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On Common Core tests, state inflates pupil skills

by Emma Brown The Washington Post | October 13, 2015 at 5:45 a.m.

Arkansas has become the second state to redefine what it means to be proficient on new Common Core tests, inflating the performance of its students.

Like Ohio before it, Arkansas has decided that students are proficient if they score at level 3 or above on the exams known as the Partnership for Assessment of Readiness for College and Careers, or PARCC. PARCC divides students into five levels, from 1 to 5.

According to PARCC, students are on track to graduate with the skills they need after high school only if they score at level 4 or above.

So Arkansas claims that 60 percent of its Algebra I students are proficient, while fewer than half that many -- just 28 percent -- would be considered on track had Arkansas stuck with PARCC's more stringent definition of "proficient."

Similarly, Arkansas says that 64 percent of its high school freshmen are proficient in reading. But had the state used PARCC's definition, that would have dropped to 36 percent.

Critics slammed state officials, saying they made a politically convenient decision that leaves parents and policymakers in the dark about the real performance of Arkansas students.

Kimberly Friedman, a spokesman for the Arkansas education department, said that officials are "preparing follow-up information to parents and the state" that clarifies that students who score a 3 have only "approached academic expectations," according to PARCC.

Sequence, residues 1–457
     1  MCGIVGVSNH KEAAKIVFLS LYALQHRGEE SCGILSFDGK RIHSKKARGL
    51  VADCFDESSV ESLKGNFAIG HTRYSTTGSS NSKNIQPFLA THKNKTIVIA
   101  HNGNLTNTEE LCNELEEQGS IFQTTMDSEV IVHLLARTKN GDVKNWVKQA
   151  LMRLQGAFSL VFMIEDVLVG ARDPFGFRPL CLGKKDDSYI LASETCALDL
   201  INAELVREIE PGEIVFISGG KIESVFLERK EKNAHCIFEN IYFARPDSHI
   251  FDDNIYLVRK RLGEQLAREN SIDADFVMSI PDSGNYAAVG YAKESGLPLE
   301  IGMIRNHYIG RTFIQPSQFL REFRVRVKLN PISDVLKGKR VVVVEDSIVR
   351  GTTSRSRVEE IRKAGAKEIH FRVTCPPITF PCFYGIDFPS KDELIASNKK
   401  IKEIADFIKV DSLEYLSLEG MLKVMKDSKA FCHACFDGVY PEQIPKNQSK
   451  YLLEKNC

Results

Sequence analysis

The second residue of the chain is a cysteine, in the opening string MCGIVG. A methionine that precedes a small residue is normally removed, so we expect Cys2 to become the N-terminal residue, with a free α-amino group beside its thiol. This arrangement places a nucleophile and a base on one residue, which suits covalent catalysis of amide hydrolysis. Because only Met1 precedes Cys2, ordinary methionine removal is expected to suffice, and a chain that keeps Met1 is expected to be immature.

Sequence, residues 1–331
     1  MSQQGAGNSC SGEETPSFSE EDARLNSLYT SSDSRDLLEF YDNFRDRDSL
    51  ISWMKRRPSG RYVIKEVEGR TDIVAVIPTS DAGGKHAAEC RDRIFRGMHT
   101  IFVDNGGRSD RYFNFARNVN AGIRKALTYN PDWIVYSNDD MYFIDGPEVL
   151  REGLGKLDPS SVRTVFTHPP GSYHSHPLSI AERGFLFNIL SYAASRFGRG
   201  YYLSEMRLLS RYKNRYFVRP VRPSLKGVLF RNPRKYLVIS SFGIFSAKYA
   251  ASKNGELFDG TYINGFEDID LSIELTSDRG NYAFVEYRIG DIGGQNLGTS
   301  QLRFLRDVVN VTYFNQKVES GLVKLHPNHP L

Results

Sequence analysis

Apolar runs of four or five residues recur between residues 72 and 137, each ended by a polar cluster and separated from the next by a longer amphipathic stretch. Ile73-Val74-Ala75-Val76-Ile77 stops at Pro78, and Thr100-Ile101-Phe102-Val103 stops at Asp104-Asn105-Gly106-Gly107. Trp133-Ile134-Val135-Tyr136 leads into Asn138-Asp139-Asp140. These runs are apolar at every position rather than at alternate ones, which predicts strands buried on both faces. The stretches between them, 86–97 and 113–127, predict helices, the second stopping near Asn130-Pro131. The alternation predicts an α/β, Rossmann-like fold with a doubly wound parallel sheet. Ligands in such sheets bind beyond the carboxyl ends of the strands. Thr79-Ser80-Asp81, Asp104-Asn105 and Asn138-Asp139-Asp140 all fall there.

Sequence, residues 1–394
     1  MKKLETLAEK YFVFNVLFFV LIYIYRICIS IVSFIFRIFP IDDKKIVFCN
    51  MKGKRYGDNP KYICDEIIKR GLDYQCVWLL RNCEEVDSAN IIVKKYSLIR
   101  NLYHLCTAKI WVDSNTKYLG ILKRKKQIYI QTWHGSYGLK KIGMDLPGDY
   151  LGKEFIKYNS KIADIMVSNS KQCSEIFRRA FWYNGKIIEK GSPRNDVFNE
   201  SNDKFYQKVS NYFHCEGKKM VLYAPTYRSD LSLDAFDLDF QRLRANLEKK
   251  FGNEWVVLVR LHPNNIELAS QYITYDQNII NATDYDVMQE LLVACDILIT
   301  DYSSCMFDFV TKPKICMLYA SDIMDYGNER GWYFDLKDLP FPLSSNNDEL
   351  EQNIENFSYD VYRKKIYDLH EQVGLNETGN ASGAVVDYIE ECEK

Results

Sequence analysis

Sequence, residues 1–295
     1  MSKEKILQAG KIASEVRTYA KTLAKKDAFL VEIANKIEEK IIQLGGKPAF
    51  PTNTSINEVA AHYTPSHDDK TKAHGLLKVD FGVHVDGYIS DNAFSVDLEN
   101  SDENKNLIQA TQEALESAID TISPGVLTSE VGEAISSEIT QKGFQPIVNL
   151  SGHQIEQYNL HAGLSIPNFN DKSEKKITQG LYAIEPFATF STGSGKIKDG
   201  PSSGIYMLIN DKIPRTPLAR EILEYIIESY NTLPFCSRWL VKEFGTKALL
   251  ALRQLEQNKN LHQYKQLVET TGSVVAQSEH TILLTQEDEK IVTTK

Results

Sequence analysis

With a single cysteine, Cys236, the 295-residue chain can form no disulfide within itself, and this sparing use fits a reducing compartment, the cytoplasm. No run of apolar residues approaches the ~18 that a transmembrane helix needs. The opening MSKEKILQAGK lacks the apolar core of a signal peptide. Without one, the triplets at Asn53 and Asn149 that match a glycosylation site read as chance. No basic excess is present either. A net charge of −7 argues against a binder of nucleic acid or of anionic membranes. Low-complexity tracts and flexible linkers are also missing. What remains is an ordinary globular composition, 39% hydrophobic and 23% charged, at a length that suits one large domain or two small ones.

Friedman did not immediately respond to a question about whether that might be confusing to parents of students who score a 3 -- to be told on the one hand that their children are on track for college readiness, and on the other hand that they are merely approaching academic expectations.

Like Ohio and several other states, Arkansas has pulled out of PARCC and is shifting to a new test in 2016.

The growing number of states that are choosing to give their own exams, coupled with the different definitions of "proficient" on PARCC tests, is unraveling one of the central promises of the Common Core academic standards -- the idea that states would have the same math and reading standards and use the same tests, making it possible to directly compare student performance across state lines.

A Section on 10/13/2015

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